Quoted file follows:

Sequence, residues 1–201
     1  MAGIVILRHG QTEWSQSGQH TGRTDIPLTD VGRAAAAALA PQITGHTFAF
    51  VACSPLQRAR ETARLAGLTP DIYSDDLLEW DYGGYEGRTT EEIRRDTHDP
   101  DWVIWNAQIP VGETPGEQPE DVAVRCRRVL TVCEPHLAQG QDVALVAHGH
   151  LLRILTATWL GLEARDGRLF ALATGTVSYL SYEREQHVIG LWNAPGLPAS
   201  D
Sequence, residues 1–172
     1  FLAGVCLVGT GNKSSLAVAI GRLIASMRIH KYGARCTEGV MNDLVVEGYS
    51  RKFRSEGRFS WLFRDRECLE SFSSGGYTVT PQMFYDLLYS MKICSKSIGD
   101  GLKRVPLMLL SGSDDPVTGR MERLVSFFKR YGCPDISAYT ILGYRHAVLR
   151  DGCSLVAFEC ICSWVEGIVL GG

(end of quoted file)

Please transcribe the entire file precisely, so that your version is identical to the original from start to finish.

Sequence, residues 1–201
     1  MAGIVILRHG QTEWSQSGQH TGRTDIPLTD VGRAAAAALA PQITGHTFAF
    51  VACSPLQRAR ETARLAGLTP DIYSDDLLEW DYGGYEGRTT EEIRRDTHDP
   101  DWVIWNAQIP VGETPGEQPE DVAVRCRRVL TVCEPHLAQG QDVALVAHGH
   151  LLRILTATWL GLEARDGRLF ALATGTVSYL SYEREQHVIG LWNAPGLPAS
   201  D
Sequence, residues 1–172
     1  FLAGVCLVGT GNKSSLAVAI GRLIASMRIH KYGARCTEGV MNDLVVEGYS
    51  RKFRSEGRFS WLFRDRECLE SFSSGGYTVT PQMFYDLLYS MKICSKSIGD
   101  GLKRVPLMLL SGSDDPVTGR MERLVSFFKR YGCPDISAYT ILGYRHAVLR
   151  DGCSLVAFEC ICSWVEGIVL GG